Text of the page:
Affiliation: School of Bio Sciences and Technology, VIT University, Vellore 632014, Tamil Nadu, India.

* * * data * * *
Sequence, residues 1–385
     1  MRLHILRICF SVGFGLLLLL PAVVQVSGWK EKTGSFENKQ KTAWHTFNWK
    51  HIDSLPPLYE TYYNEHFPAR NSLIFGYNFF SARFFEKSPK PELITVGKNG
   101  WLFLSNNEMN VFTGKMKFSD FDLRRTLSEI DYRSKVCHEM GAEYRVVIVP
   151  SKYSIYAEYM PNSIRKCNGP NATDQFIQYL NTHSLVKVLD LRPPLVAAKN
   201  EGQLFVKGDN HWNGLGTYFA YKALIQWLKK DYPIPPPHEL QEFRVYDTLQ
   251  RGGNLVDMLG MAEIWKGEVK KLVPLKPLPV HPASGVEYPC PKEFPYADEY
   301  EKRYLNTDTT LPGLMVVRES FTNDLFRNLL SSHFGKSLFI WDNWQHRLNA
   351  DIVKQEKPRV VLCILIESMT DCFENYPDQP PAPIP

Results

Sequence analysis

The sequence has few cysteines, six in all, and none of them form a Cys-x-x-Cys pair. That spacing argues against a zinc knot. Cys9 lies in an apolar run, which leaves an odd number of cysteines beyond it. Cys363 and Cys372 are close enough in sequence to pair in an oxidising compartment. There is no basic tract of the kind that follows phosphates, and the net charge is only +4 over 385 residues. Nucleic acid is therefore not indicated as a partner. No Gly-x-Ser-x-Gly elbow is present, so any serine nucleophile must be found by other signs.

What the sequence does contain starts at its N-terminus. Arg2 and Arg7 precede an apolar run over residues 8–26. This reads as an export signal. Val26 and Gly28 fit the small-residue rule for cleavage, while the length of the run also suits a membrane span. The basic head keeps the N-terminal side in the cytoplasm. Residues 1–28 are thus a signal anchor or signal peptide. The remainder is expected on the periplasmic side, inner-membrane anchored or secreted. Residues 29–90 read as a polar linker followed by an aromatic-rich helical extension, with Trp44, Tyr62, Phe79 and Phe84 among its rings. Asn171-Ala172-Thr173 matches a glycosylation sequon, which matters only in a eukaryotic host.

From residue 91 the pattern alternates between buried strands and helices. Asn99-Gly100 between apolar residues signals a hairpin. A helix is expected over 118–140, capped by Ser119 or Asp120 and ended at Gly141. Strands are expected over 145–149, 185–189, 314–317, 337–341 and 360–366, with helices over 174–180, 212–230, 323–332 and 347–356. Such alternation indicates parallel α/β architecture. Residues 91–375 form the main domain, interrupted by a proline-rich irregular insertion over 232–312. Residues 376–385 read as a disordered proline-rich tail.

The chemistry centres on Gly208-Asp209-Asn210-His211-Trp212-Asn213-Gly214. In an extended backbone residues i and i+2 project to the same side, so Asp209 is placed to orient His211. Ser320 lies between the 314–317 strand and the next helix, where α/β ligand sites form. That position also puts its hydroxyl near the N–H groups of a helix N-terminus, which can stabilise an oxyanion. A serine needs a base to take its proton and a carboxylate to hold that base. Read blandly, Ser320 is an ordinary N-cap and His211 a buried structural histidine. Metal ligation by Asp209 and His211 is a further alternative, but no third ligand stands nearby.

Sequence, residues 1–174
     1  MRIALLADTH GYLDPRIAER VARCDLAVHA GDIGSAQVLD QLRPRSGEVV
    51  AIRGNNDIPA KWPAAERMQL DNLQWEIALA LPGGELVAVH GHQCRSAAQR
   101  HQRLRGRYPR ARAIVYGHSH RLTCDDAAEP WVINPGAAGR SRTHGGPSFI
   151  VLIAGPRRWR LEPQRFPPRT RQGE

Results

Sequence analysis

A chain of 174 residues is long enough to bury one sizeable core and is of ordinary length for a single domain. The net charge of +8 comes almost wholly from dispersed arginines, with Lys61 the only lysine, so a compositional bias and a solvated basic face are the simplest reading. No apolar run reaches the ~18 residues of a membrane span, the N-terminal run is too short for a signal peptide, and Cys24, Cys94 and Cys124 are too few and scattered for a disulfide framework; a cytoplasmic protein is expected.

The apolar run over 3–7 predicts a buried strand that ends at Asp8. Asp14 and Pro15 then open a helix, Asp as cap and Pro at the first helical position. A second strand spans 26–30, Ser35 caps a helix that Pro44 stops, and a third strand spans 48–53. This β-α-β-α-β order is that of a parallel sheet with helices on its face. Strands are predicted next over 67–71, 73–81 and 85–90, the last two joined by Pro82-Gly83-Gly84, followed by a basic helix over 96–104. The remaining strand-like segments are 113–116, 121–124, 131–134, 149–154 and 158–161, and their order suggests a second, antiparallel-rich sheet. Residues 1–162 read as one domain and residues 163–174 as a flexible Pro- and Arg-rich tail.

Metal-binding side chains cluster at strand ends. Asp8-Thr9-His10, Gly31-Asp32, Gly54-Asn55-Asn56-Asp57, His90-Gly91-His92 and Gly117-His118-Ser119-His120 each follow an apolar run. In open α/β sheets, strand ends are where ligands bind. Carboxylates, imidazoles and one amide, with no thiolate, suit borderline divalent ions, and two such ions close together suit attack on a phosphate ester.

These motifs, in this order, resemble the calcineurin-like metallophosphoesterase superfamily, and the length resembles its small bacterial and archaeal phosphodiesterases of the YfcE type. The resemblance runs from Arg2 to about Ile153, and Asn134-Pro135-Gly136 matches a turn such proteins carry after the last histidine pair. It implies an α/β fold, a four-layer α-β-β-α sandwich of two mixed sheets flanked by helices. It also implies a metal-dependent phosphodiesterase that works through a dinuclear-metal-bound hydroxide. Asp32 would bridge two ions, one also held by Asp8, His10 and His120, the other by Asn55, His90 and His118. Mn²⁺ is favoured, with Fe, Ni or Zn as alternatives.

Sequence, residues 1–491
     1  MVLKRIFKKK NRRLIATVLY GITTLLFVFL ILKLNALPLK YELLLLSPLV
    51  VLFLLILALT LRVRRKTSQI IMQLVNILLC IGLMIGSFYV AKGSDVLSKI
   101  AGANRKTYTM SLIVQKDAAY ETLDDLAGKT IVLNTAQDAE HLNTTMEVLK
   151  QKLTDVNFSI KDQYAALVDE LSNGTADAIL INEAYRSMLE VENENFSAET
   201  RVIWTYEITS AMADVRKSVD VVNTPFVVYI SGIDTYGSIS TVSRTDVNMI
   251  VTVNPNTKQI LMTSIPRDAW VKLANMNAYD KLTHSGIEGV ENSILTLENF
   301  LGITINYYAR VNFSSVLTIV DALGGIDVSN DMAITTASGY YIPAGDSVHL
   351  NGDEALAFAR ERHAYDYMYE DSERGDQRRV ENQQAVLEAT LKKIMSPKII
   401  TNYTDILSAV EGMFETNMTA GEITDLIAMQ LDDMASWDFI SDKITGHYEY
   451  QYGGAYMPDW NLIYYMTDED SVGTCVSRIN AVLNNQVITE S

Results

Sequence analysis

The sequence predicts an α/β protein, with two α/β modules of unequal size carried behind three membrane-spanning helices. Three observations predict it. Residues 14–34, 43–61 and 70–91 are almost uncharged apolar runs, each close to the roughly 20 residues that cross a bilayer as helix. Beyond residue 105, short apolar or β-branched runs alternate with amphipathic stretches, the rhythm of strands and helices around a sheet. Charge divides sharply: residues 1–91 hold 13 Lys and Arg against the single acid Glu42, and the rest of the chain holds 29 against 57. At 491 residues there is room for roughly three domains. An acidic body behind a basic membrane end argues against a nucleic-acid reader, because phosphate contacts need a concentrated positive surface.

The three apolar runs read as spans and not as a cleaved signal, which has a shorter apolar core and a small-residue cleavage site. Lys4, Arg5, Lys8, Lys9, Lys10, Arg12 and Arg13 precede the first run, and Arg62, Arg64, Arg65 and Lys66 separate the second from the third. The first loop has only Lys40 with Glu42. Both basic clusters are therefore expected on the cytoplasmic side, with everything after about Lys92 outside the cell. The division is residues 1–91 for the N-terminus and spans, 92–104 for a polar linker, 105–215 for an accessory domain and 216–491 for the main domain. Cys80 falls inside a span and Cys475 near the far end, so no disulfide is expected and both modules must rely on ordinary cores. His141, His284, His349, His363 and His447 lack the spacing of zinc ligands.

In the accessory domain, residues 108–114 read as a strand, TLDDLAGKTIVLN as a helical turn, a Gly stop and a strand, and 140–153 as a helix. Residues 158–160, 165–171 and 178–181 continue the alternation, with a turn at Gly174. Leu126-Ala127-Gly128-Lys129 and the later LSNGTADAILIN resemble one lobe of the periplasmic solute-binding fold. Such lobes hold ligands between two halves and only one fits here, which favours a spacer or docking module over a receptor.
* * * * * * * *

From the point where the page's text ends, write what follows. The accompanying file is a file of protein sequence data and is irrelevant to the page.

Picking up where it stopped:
Small-molecule cytotoxic agents are already in use for cancer immunotherapy in the form of antibody conjugates containing these molecules linked covalently to antibodies or their fragments with the goal of targeting specific surface components of tumor cells. However, there are also reports of small molecules that act as antagonists to surface enzyme-linked receptors and receptors that interact with the tumor microenvironment, or that even inhibit metabolic enzymes. Such molecules have been shown to directly inhibit the signaling initiated by the respective ligands binding to their receptors, to recruit antibodies and other immunomodulatory molecules, or to promote or inhibit the proliferation of different immune cells to target specific types of cancer cells. This review will discuss immune response modifiers such as imiquimod, antibody-recruiting molecules that target prostate cancer, integrin receptor antagonists, indoleamine-2,3-dioxygenase inhibitors, emodin, RORɣt antagonists, ephrin receptor antagonists, membrane-bound carbonic anhydrase IX (CAIX) inhibitors, and selected protein kinase inhibitors. These small molecules can open up new ways to treat many types of cancers and possibly even other diseases that arise from immune dysregulation. Finally, the review will briefly discuss some additional targets that are being pursued to modify immune system responses in the tumor microenvironment.